Visions: Sept. 11 does seem to have changed the direction of our society dramatically.

Howe: We will have to wait to see what the eventual reaction is. One point that we make in the historical context is that Sept. 11 comes a bit early for what we call a "Fourth Turning" catalyst, something that triggers a new social mood, which is really the crisis quadrant of our cycle. It is a bit early because the millennial generation is still somewhat young. They are not quite adults yet. And in terms of the historical cycles, we would expect them to be beginning to enter adulthood. Ordinarily the next civic generation would be in their early 20s. Gen-Xers haven't quite reached mid-life yet. Boomers haven't quite reached elderhood yet. And the silent generation is not really waning rapidly from power. They are still strong. Given the roles they play, the generation cycle hasn't quite moved far enough to trigger an extreme fourth turning response to Sept. 11. The silent generation, unlike boomers, is more risk adverse when it comes to institutional choice. The silent ones want multi-lateral coalitions. They want to move slowly, carefully. They want to make sure all points of view are heard. They want to make sure that the full complexities of the situation are appreciated. They don't want collateral damage. It becomes an enormous Rubics cube. The silent generation has always had a way of deflating the passion of the moment, taking a long look before they leap. Today, in the higher echelons of leadership, you still have a contrast between 60-somethings who are cautious and very inclined to listen to the experts. And you have boomers, who are a bit younger and who are a bit more values driven, and I think, a bit more inclined to total solutions. The fact that the silent generation is still strong is one of the reasons we've had a pretty measured response thus far. It is not the event, but the reactions to the event that cause a society to really change.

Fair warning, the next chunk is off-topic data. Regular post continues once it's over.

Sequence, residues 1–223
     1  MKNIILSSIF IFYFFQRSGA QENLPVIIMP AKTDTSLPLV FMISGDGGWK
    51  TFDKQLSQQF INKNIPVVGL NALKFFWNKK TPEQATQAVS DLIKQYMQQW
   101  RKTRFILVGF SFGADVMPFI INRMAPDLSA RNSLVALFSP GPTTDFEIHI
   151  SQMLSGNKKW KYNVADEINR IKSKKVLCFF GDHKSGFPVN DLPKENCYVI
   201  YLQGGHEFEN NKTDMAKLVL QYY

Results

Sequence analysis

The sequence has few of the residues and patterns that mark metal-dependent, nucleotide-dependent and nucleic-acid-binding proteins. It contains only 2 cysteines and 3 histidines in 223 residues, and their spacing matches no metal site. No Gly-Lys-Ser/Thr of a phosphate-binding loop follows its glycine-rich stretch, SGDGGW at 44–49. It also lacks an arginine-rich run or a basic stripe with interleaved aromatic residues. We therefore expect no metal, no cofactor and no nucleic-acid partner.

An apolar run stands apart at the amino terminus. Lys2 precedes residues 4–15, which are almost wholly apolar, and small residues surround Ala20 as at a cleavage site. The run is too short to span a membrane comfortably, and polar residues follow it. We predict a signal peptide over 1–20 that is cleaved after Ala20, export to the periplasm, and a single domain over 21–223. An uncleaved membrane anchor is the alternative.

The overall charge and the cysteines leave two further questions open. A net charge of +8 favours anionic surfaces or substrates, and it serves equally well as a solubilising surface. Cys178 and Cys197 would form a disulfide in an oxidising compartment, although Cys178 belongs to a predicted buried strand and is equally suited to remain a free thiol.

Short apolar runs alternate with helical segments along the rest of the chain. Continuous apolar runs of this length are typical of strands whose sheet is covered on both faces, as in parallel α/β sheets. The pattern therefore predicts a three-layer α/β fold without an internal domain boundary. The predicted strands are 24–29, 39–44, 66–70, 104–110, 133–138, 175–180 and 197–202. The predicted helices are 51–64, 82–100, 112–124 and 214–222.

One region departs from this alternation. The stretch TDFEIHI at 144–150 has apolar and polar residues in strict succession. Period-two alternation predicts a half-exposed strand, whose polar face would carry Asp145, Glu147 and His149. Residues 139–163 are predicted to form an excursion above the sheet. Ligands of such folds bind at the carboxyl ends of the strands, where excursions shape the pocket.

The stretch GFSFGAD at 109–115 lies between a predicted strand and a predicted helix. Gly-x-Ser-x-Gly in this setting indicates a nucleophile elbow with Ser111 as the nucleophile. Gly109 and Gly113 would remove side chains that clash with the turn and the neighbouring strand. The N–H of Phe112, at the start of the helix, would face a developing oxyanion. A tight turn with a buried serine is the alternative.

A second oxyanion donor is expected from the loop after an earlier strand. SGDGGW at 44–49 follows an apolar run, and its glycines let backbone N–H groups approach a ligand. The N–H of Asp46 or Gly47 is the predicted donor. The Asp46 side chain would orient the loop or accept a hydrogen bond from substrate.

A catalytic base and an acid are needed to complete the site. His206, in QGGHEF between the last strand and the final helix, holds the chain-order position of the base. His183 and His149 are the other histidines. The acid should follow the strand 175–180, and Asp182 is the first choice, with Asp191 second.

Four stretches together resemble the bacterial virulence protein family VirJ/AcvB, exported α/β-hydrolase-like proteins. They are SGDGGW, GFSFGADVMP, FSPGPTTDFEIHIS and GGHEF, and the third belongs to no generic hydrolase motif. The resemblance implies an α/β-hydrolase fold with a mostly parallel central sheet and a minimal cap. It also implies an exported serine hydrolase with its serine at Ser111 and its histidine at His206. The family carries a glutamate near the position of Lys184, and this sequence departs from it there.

Visions: So in terms of how all this is likely to change government in the decades ahead, what we are likely to see then, rather than efforts to make the individual more and more sovereign, will be the reverse.

Howe: Government is going to come back in the fourth turning. However, it is [not going to be] the kind of government we were accustomed to in the 60s on. It is not a government that will respond to each constituent's interests or wishes. It will be a government that really governs, where leaders actually make choices, and who say, no you don't get this because we have to do that. Here are the priorities. We've got so much money. We've got this big danger, so this is how we fix it. And so the whole tone and purpose of government changes. Authority will actually comfort people. There was a trend in the 90s, after all the reinventing of government, and we finally have these local governments where the person in charge is actually the citizen, and the government worker is actually the follower. That is going to reverse. We are going to go back to the situation where the citizens will actually want someone to take charge and deal with huge issues and the dangers out there in the world. That is an environment, I think, that very few people are planning for today. I think you are going to start to see budgets in which you are going to find fewer entitlements and more discretionary spending.

Visions: We have seen that priorities shifted immediately after Sept. 11. But in your analysis, we were demographically also heading for a shift of priorities in a few years.

Howe: Yes. And even if the reaction to Sept. 11 doesn't last, even if this doesn't turn out to be what we call the "fourth turning," it does gives you a very good glimpse of what we think is going to occur in the not too distant future regardless.

Visions: But something will happen to spark the change.

Howe: I think the odds are that it will probably be some sequel to Sept. 11, something that will be triggered with some delay by what we are doing now.

Blake Harris Editor
Platforms & Programs